Chris CarsonChris Carson"I have a friend in California that did all the courthouse art for the O.J. Simpson trial and I could easily do everything he did as well," Carson said. "My wife and I are settling down here in Livingston and we will be here for good. We are also opening a music and art school here and I was going to offer my services to do police sketches."

Someone who collected Carson's art offered him a deal on a house that the Las Vegas native could not pass. His mother lives in Willis and Carson moved to Texas 12 years ago from Florida.

"I have always done art, but when I started doing it to make money, I was in the Navy stationed in Norfolk, Virginia. They didn't let me bring my art supplies on board. I went down to the galley and got all the condiments like coffee, soy sauce, mustard, and ketchup and I would tear up cardboard and I would mix the condiments with my clear hair gel. Then, I would twist up napkins, paint on the torn up cardboard, and sell them on eBay. Into my second year in the Navy, I was making more money off my art than off of my military pay grade."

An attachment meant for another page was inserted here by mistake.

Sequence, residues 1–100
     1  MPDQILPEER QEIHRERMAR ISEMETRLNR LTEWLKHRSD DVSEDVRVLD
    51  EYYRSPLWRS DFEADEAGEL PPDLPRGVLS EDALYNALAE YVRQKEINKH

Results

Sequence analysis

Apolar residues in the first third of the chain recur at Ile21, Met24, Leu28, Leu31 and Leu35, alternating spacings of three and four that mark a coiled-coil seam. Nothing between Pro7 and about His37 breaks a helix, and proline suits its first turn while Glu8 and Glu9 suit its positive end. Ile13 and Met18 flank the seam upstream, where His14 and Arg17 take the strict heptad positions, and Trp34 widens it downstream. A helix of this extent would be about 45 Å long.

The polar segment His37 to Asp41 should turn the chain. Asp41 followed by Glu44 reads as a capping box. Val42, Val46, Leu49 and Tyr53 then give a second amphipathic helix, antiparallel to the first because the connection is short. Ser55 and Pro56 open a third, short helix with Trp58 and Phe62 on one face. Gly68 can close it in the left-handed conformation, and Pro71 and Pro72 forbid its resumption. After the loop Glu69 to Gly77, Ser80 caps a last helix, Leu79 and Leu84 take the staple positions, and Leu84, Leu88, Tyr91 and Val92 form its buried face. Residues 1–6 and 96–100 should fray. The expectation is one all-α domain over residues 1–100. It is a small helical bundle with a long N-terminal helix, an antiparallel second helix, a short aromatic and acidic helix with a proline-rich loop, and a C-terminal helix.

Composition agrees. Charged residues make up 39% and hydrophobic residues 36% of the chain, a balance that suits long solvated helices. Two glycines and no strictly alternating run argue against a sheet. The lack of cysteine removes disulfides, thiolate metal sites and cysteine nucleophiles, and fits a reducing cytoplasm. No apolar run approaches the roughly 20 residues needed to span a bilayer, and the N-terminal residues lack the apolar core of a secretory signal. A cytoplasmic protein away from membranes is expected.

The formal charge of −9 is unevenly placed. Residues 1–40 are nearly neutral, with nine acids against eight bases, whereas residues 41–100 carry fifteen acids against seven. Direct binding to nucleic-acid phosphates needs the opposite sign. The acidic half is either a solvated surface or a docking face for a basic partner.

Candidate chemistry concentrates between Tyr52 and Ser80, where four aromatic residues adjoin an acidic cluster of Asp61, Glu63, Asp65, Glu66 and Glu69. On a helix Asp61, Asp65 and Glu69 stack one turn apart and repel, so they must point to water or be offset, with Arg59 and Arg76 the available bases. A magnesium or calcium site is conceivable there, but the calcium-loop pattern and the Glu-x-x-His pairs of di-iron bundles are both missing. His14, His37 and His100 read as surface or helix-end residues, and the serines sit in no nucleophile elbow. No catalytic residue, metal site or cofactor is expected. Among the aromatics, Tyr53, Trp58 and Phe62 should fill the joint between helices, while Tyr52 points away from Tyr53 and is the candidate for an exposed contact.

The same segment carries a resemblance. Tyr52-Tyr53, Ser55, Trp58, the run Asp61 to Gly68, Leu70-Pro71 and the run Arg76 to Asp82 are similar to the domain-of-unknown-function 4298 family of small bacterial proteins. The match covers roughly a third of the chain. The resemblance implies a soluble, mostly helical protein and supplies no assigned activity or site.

The school Carson is looking to begin will be called Orange School of Music and Art. Learning will be set up for courses, so instead of taking private guitar lessons, students would take the class with a small group. Beginner, intermediate and advanced courses will be available.

"I will talk to people in see where they at, but it will be one lesson a week. I will also have art courses that will be more based off of workshops. If you would like to learn how to draw or learn how to paint, I will be catering to all ages. I can paint all styles. Right now, I'm in the process of raising funds for the school and I'm getting ready to pass out flyers."

Carson has a website that he just built and he frequents a lot of conventions. He has his work in comic books, children's books, movies and album covers, but does things outside of the usual for artists.

"I'm doing commission for a lady right now that I met at the doctor's office, and she said her son died when he was 22 or 21 and she would love to know what he would look like now. I said, 'I can do that for you.' I can do anything from illustrations to a full-blown oil painting. I'll spend anywhere from a couple of seconds, to the longest I've ever spent on a painting is 200 hours."